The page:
Finally, you are very likely paying for exclusivity. There are precious few unworn Rolex Oyster Cosmographs — hence Antiques Roadshow’s vertigo-inducing appraisal. A Lange & Söhne Grand Complication, each example of which contains almost 900 moving parts and is fashioned over the course of a year at the company’s HQ in Glashütte, Germany, costs around $2.5 million. A unique iteration of Patek Philippe’s World Time, which displays 24 time zones simultaneously, fetched more than $4 million in 2002 and is reckoned to be worth substantially more now.

Cometh the hour...

As the market for luxury timepieces grows, watchmaking in the UK is experiencing a renaissance. A number of specialists, including the Great British Watch Company, Robert Loomes, Wessex and Garrick, are earning increasing acknowledgment in an arena long dominated by Switzerland and Germany.

Thomas Tompion (1639-1713) is widely regarded as the father of British horology. One of his students, George Graham (1673-1751), was responsible for several innovations before passing the baton to Thomas Mudge (1715-1794), who invented the lever escapement — still the most commonly used escapement today.

Arguably the most celebrated member of the current generation is Roger Smith, of Roger W Smith Watches. One of the few people to have mastered all 32 of the skills necessary to construct a watch from start to finish, he has often been acclaimed as the finest watchmaker in the world.

“It’s not a label I really think about,” he said when interviewed in 2019. “I just get up each day and try to make watches you can’t find anywhere else. Being a watchmaker is all I’ve ever done since I was 18, and that’s where I’m happiest.”

Like many of his British contemporaries, Smith sees low volume as a hallmark of excellence. “Companies tend to announce their annual increase in production as though it was a recognition of doing well,” he said, “but if I made 20 watches a year
I’d know something must have gone down in quality.”

“The way we interact with people about very sought-after watches is very important,” says Daniel Compton, UK general manager of Audemars Piguet, maker of the acclaimed Royal Oak. “Invariably, the question is: ‘What number am I on the list?’” Small wonder, perhaps, that in 2019 the annual global market for pre-owned watches, where sellers can register a tidy profit and buyers can jump a queue, was estimated to have grown to $16 billion.

 

The world is your Oyster

However, any aficionado will insist that this is only part of the story. As Antiques Roadshow’s resident specialist was quick to point out, a key reason for the Rolex’s jaw-dropping worth is that the Daytona is the stuff of cachet, history and even celebrity.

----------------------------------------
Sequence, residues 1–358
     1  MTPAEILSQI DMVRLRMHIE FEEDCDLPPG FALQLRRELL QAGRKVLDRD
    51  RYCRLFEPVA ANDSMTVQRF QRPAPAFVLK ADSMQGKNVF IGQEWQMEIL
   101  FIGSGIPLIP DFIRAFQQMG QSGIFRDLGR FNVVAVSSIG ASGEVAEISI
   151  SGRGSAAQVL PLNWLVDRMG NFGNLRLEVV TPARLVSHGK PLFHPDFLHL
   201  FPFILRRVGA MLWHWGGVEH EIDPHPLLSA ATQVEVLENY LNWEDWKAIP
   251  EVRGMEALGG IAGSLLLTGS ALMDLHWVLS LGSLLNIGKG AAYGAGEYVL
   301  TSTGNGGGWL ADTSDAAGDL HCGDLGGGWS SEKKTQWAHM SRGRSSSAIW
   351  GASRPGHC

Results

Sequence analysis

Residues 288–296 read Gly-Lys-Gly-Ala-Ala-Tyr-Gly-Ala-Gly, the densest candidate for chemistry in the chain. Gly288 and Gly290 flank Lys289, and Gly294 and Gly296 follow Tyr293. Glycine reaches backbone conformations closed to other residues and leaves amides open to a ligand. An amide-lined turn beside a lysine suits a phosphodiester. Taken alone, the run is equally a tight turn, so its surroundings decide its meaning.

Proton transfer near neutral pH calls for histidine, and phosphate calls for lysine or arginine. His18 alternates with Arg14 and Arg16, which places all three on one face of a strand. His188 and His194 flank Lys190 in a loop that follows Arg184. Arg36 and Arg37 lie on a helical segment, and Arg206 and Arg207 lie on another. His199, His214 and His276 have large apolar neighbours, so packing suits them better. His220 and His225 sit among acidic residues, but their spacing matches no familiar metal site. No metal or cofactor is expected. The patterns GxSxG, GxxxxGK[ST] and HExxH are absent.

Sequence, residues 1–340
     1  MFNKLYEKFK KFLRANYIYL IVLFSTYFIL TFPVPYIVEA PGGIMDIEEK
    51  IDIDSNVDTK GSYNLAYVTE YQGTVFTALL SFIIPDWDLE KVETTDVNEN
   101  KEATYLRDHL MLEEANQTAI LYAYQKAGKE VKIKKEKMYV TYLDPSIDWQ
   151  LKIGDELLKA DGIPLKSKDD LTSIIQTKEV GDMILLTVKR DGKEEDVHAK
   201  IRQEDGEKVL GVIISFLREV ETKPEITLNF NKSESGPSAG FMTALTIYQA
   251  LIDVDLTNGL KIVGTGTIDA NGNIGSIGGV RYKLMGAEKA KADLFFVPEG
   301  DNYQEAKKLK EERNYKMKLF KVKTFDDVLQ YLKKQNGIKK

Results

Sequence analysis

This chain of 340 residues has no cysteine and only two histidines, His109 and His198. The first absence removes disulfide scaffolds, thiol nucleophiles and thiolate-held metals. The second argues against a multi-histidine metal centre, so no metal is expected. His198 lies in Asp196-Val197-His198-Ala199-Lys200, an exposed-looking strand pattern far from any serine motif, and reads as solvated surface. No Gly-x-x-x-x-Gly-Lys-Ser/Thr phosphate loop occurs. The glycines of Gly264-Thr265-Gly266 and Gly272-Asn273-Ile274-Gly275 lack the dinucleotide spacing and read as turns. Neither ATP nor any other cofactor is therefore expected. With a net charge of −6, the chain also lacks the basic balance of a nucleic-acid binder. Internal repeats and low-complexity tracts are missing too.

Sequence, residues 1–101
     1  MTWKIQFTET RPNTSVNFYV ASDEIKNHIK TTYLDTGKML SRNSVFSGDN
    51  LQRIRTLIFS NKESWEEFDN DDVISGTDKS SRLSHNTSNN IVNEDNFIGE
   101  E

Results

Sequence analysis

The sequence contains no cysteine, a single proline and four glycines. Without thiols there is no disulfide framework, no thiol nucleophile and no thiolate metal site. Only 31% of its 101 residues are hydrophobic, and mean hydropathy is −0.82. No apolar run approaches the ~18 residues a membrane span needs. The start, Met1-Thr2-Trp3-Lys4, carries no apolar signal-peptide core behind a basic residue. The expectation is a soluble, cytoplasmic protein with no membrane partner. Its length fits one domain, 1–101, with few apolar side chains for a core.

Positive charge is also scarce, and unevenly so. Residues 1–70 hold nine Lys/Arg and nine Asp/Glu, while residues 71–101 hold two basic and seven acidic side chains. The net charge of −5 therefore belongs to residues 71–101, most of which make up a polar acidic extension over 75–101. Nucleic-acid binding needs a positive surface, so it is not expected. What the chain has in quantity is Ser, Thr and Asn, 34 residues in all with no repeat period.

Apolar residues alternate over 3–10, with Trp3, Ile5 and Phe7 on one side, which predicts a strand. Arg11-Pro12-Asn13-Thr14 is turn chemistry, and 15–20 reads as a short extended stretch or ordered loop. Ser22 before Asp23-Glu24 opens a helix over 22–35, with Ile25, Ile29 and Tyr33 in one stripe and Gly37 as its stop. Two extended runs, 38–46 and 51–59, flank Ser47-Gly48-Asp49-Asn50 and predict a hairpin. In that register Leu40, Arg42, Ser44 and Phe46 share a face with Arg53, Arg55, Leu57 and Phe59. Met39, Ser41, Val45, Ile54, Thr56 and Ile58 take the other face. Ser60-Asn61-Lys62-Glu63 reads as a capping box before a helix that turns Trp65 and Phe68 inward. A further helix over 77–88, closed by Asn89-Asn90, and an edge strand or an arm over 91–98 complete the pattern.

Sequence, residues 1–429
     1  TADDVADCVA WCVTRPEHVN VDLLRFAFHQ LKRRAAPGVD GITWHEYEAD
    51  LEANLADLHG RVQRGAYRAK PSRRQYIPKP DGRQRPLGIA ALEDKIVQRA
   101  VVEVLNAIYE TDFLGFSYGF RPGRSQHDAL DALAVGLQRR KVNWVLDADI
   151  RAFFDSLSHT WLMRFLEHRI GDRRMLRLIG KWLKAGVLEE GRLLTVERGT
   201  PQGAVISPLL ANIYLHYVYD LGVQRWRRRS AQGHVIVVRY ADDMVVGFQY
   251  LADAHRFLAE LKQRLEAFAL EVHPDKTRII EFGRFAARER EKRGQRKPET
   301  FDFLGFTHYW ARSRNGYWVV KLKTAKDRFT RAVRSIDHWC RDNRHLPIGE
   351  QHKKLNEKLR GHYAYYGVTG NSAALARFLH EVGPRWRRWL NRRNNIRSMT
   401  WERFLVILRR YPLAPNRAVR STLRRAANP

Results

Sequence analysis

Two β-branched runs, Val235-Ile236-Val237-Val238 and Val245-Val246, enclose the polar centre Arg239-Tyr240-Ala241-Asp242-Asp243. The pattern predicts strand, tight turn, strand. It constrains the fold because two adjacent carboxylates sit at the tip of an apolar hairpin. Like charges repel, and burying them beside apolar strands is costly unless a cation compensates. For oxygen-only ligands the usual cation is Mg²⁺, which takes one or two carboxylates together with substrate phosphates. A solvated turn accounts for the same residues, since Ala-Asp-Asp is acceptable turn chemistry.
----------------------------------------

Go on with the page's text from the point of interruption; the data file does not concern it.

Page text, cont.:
Paul Newman made the model famous — if not near-mythical for some enthusiasts — by sporting his own Daytona in Winning, an otherwise forgettable motor-racing movie released in 1969. In 2017, at an auction in New York, the watch was sold to an anonymous telephone bidder for a world-record $17.8 million. “Many people are saying this is the greatest watch on the planet," vintage Rolex collector Geoff Hess told Forbes. “It transcends watch-collecting. It transcends the watch community.”

Similarly, Steve McQueen, Newman’s fellow Hollywood icon, immortalised the Heuer Monaco while headlining another tale of on-track derring-do, 1971’s Le Mans. Having recently marked its 50th anniversary, the model remains the leading light in the rebooted TAG-Heuer line-up today. McQueen’s Monaco sold for almost $800,000 in 2012, and even battered examples of the rudimentary Benrus military watch that the ‘king of cool’ wore in Bullitt now go for hundreds of pounds on popular websites such as Chrono24. Such is the power of association. Factor in advertising, branding and other generators of kudos and you have what could be regarded principally as a status symbol.

One revered industry figure who might disagree with this slightly unflattering interpretation of the market is Roger Smith, who fulfils around a dozen bespoke commissions a year at his isolated workshop on the Isle of Man. He personally makes every part of every watch, and his prices range from £120,000 to £250,000. He insists that his clients, far from merely wanting to show off, are “very technically orientated”.

Smith does add, though, that a luxury watch is undoubtedly a “nice-to-have” — and this, above all, is surely what our lucky USAF friend told himself before making what would turn out to be his life-changing trip to the post exchange back in 1974. Ultimately, there is an innate satisfaction in owning anything nice. Moreover, should you somehow fall out of love with your extravagance of choice, the prospect of losing very little, recouping your initial outlay or even making a profit is likely to provide no mean comfort.

Nonetheless, it is vital to remember that not every luxury watch represents a guaranteed investment. Many lose value as soon as they are bought, just like countless other goods characteristic of what American economist Thorstein Veblen branded “conspicuous consumption”.

Remember, too, however bizarre the notion might seem, that it may pay to keep your prize possession well away from your wrist. As the Rolex’s dazed owner was gently warned when he had regained his senses: “If you wear it, it drops down to $400,000.” Hard times, indeed.

 

This article has been taken from 'Rathbones Review Autumn 2020' read the full publication here

 

Total votes: 12

Subscribe to Review of the Week

The information collected on this form will be used to contact you regarding Review of the Week. You can unsubscribe at any time. For details on how we handle your personal data, visit our Privacy policy.

Get in touch

Speak with a member of our investment sales team for further information. Please complete our online enquiry form.

 

Link